Residence Of Individuals

Article by Greg Gartner1


    The governments of Canada are facing increased scrutiny and criticism in respect of the growing deficits that have been accumulated at both the federal and provincial levels. Increasing taxation or cutting spending are the basic ways in which governments attempt to deal with budgetary shortfalls. While both options are unpopular with voters, it is suggested that the provincial governments will have no other option but to rely on increased taxation as the primary tool as they are responsible for funding increasingly expensive programs, such as health care, education and the administration of justice. Despite equalization payments amongst the provinces, it appears that the provinces are not able to provide equivalent services to their residents at similar levels of taxation; this has lead to significant variation amongst provincial taxation rates. Revenues from taxation can be increased by simply increasing the tax rate, or alternatively, increasing the scope of the tax base. Thus, it is likely that provinces with higher rates of personal income tax will be pressuring the Canada Revenue Agency (the "CRA") to closely examine the residency claims of individuals who have recently filed as residents of a province with a lower rate of personal income tax as to prevent leakage from their tax base.2

    Traditionally tax planning focuses on reducing taxes payable by altering the timing of tax payments, altering the tax character of receipts or expenditures, and/or altering the jurisdiction of taxation so as to subject income to as low a rate of tax as possible.3 Due to the increasing mobility of capital and labour in Canada and the varying tax rates amongst the provinces, there has been an increased focus in recent years on inter-provincial tax planning to lower an individual's overall rate of taxation.

    This paper begins with an overview of the legislative framework under which provincial income taxes for individuals are levied. The definition of "residence" is then discussed and a number of current cases with respect to provincial residency are reviewed. Finally, dispute resolution mechanisms for individuals who wish to challenge an assessment related to provincial residency are canvassed.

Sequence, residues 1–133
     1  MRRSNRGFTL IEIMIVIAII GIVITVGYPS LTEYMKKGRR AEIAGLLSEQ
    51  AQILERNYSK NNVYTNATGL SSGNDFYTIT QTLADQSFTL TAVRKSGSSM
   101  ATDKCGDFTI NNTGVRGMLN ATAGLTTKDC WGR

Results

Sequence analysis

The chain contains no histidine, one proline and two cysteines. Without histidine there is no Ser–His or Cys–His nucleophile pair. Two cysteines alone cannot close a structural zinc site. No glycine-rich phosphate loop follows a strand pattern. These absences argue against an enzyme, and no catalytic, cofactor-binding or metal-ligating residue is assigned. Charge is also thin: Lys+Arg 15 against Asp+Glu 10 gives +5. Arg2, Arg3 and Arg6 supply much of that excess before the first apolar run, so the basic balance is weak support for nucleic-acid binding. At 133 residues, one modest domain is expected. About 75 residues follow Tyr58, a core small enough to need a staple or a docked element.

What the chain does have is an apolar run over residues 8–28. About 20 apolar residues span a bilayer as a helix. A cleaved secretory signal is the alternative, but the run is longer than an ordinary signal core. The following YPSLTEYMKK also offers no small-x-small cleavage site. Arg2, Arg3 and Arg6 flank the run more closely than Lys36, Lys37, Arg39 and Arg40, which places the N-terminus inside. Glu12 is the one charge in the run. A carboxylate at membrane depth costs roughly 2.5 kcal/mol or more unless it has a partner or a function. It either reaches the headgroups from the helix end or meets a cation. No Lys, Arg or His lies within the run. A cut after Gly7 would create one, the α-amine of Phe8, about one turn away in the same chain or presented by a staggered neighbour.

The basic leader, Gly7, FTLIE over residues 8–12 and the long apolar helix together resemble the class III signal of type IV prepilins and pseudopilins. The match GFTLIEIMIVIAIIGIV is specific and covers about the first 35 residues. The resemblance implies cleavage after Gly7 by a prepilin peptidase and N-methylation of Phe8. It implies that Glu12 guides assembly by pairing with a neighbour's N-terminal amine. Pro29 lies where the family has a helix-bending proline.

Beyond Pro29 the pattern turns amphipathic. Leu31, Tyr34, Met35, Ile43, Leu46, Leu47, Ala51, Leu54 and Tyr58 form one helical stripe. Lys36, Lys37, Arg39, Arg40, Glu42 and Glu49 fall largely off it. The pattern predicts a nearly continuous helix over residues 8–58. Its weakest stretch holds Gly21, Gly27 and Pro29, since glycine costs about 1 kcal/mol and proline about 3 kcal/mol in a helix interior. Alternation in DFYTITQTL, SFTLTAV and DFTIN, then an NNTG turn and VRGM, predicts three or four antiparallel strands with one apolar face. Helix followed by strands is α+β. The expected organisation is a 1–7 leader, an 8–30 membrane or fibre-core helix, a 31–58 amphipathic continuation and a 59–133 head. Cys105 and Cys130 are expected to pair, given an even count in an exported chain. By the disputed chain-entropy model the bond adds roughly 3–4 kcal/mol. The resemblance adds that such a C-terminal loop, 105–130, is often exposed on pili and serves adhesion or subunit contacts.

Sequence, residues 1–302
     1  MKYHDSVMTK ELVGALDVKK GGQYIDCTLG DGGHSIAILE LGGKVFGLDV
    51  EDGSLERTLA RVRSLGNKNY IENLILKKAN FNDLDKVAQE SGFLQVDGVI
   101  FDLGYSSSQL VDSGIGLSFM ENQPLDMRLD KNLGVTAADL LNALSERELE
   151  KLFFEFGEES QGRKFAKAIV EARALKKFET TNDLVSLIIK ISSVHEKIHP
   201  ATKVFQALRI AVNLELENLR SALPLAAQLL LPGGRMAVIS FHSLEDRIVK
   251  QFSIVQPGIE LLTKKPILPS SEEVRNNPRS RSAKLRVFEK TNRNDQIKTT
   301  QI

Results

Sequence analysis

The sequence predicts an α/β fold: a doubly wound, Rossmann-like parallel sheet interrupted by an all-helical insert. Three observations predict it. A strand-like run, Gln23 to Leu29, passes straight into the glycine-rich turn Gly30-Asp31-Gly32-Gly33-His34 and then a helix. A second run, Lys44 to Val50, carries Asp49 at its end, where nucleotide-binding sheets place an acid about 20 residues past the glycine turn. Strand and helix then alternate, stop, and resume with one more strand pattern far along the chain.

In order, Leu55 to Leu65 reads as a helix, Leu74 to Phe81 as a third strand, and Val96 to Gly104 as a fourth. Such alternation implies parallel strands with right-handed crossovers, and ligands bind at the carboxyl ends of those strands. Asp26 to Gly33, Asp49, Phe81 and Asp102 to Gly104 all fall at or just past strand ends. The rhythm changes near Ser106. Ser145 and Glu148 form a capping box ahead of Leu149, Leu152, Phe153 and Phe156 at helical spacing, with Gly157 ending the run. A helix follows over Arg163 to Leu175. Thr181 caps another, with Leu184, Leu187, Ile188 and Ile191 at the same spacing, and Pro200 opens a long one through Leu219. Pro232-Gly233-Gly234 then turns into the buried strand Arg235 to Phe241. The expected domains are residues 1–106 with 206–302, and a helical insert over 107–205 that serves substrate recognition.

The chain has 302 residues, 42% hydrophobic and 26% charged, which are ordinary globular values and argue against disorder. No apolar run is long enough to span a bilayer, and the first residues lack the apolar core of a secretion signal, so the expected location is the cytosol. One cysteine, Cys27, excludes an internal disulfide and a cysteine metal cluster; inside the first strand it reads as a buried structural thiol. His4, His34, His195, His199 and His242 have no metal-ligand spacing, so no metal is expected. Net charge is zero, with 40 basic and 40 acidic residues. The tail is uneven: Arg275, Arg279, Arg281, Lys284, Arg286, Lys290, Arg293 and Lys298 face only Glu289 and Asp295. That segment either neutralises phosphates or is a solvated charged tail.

1. The Constitution

      The governments of Canada (including the provinces and territories (collectively referred to as the "provinces")) can impose taxes only on the authority of legislation pursuant to the Constitution Act, 18674(the "Constitution"). The Constitution, pursuant to subsection 91(3), allows the federal government to raise money by any mode or system of taxation. The only jurisdictional limit on a province's right to impose taxation is found in subsection 92(2) of the Constitution which states that a province is limited to direct taxation imposed within the province to raise revenues for provincial purposes. In other words, the provinces have the power to tax individuals based on residence, domicile, employment, or carrying on business in the province as long as the connection to the province is substantial.5

      The Supreme Court of Canada in Dunne c. Quebec (Sous-ministre du Revenu)6discusses what connection to the province is required for the province to be able to levy provincial income tax. The Court noted that subsection 92(2) of the Constitution is construed broadly and with flexibility to include the "power to tax residents of the province...[and also to] tax property, businesses and transactions within the province"7. Mr. Dunne was a chartered accountant and retired partner of Ernst & Young. Mr. Dunne was resident in Ontario and had never carried on business in Quebec, however he was assessed for provincial income tax under the Taxation Act8(the "Quebec Act"). The Court held that the partnership agreement established that Mr. Dunne received a share of the profits of the partnership which carried on business in Quebec and that the Quebec Act's deeming provisions operated to determine the proportion of the individual's income that could be allocated to Quebec activities and thus validly taxed under the Quebec Act. The Court held that the Quebec Act did not improperly expand the scope of the provincial taxing power.

    2. The Income Tax Act

      The Act,9 and the regulations made thereunder, are the primary source of income tax law with respect to levying taxes. Canadian residents are liable for tax on their worldwide income pursuant to subsection 2(1) of the Act. The occurrence of residence in Canada provides the basis for jurisdiction to tax and thus creates the liability for taxation of a person.10 Individuals, including trusts11, are thus liable for both federal and provincial tax. The specifics of what constitutes "residence" will be discussed in a later section of this paper.

      (a) Income of an Individual

      The Act itself does not in fact impose a provincial tax. The phrase "income earned in the year in a province" is defined in subsection 120(4) of the Act to mean an amount determined under rules prescribed for the purpose by regulations made...

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